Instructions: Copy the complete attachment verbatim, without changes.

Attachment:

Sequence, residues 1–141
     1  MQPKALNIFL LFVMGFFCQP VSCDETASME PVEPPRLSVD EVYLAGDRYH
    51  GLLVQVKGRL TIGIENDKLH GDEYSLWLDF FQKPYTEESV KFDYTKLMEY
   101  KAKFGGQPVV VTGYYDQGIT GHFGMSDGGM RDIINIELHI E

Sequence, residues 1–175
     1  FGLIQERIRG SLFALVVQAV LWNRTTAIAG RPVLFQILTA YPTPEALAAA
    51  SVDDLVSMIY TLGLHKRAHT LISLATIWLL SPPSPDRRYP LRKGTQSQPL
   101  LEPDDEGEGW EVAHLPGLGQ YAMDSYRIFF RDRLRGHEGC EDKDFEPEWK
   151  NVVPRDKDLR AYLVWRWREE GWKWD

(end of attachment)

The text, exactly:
Sequence, residues 1–141
     1  MQPKALNIFL LFVMGFFCQP VSCDETASME PVEPPRLSVD EVYLAGDRYH
    51  GLLVQVKGRL TIGIENDKLH GDEYSLWLDF FQKPYTEESV KFDYTKLMEY
   101  KAKFGGQPVV VTGYYDQGIT GHFGMSDGGM RDIINIELHI E

Sequence, residues 1–175
     1  FGLIQERIRG SLFALVVQAV LWNRTTAIAG RPVLFQILTA YPTPEALAAA
    51  SVDDLVSMIY TLGLHKRAHT LISLATIWLL SPPSPDRRYP LRKGTQSQPL
   101  LEPDDEGEGW EVAHLPGLGQ YAMDSYRIFF RDRLRGHEGC EDKDFEPEWK
   151  NVVPRDKDLR AYLVWRWREE GWKWD